SGPsychStuff Goes to UniPsych Symposium 2017: Part 1

The UniPsych Symposium team has done it again!  This time, with the collaboration of InPsych, NUS, NTU, and JCUS Psychology societies, this event was well-attended by undergraduate students from the respective universities and others.  SG Psych Stuff is very honoured to be invited to the UniPsych Symposium (again)!  If you had seen us wearing the yellow lanyard with the "Guest" nametags, that's us!
This time, other than myself, Jon and Xav joined me in this wonderful event.  We will share with you our thoughts about the symposium (Part 1), the talks (Part 2) , as well as our take-aways from the symposium (Part 3)! Stay tuned to Parts 2 and 3!

Question 1: As a participant, any overall thoughts about the symposium?

Jon:  I think this year’s UniPsych Symposium went much smoother than the previous year’s and this is definitely due to well coordinated efforts of all parties involved in the planning.  The speakers were all professionals with a wealth of experience and inside knowledge to the workings of the fields they were in.  I’m sure the participants were able to gain a good overview of the various fields in psychology, which would hopefully allow them to make a more informed decision.  That said, I feel the opportunities for networking could be improved, as there were often times where the participants are not too sure how to best approach speakers.  Perhaps setting up a system where participants can send their questions to the speakers for follow-up after the event may be a good way to address such an issue. 
Xav:  This was my first time at the UniPsych Symposium so I am unable to make a comparison from last year’s.  I do feel that this year’s UniPsych Symposium was well-organised, with ample time for lunch and networking.  The Facebook page and website were well-organised and provided useful background information on the speakers.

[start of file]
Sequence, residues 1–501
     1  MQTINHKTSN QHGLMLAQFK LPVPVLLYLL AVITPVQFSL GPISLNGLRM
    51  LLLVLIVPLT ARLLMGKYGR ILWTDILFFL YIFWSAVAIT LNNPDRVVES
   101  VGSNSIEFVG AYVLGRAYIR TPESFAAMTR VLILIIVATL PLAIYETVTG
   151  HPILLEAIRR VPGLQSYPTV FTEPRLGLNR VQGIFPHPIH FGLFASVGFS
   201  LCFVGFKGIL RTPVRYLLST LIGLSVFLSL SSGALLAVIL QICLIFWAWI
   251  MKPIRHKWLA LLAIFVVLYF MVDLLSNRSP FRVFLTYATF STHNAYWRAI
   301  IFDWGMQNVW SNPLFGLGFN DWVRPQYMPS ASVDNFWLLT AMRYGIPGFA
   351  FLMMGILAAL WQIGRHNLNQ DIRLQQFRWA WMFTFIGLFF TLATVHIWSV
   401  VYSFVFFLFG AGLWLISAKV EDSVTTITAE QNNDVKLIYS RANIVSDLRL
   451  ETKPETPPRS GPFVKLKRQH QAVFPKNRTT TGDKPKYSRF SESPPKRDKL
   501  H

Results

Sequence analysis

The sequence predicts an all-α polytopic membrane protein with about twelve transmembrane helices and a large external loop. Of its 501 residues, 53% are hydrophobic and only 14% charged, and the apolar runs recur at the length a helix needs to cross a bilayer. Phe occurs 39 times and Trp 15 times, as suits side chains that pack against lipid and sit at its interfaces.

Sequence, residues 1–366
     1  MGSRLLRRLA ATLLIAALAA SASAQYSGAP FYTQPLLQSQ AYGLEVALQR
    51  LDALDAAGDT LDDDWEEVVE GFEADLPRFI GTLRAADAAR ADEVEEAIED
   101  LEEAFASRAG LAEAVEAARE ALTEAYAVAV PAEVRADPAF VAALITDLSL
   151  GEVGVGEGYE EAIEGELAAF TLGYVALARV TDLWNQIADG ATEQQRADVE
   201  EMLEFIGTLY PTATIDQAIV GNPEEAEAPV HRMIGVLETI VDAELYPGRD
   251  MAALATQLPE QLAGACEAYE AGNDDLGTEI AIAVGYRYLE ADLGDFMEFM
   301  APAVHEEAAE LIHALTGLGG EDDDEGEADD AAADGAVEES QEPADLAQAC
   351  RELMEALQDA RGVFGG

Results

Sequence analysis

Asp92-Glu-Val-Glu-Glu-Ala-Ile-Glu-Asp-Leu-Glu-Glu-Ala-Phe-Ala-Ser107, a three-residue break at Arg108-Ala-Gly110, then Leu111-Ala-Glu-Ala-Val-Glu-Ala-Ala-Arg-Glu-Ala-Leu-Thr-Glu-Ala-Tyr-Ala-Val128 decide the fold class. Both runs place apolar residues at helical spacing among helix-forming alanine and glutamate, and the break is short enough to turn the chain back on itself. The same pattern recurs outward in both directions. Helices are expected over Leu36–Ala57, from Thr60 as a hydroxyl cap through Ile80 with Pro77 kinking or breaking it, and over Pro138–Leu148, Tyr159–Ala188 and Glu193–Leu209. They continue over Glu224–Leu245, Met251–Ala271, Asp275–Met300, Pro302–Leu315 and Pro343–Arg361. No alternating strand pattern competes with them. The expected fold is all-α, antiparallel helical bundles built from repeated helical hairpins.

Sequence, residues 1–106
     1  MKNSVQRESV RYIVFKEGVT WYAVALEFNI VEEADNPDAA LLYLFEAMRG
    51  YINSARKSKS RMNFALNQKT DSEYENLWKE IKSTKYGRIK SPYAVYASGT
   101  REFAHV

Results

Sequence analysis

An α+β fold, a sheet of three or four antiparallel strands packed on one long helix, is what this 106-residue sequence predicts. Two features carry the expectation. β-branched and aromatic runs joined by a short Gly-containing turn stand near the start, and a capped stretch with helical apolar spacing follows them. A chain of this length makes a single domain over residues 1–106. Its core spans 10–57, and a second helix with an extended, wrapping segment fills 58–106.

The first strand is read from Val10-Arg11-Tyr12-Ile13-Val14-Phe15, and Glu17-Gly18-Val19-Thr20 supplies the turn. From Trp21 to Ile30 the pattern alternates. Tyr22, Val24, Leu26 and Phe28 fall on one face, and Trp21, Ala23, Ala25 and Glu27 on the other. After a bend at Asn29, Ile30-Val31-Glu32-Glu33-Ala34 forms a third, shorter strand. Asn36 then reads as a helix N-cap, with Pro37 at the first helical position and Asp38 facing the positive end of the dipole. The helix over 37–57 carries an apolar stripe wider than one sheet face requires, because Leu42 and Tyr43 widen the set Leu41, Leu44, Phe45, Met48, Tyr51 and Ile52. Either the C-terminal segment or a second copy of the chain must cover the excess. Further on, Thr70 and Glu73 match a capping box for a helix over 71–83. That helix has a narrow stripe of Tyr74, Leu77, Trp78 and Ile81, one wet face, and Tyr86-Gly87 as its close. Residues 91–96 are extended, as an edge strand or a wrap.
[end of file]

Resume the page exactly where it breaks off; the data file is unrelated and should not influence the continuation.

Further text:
I enjoyed the keynote address by Dr. Denise Dillon as she summarised the history of Psychological research over the years and the importance of Psychology, as well as the necessary soft skills that give graduates an edge over their peers in the Psychology field.

However, I feel that after Q&A segment during each session, most students were rushing to the next talk or the restroom and were unable to further network.  Perhaps it might be favourable to add a short break (10 to 15 minutes?) in between back-to-back sessions (Session 2 & Session 3) for students to refresh themselves and/or get more one-to-one interactions with the speakers.

SGPsychStud:  I feel that it was more well-organised than last year’s, with their registration booth at a more visible (and bigger) area, a longer time for lunch, as well as a longer lunch and timings for the talks.  Website was professionally done as well.
The keynote address focused on the upcoming areas of psychology, as well as the skills required of young graduates.  This topic is a very important one for students, to note the trends in the psychology industry.
The issue, which is also often faced during other symposiums and talks, is the level of networking.  One purpose of the whole event was to allow students to network;  however, most students stayed within their own comfort areas by staying with friends, and the talks (that I went to) mostly ended with a Q&A session without a further networking with the speakers.  Speakers (thankfully) provided their contact details, for students who have further questions and wish to network further.  Probably it is just our culture?  But I do hope to see this to be improved in further events.

Stay tuned to Parts 2 and 3!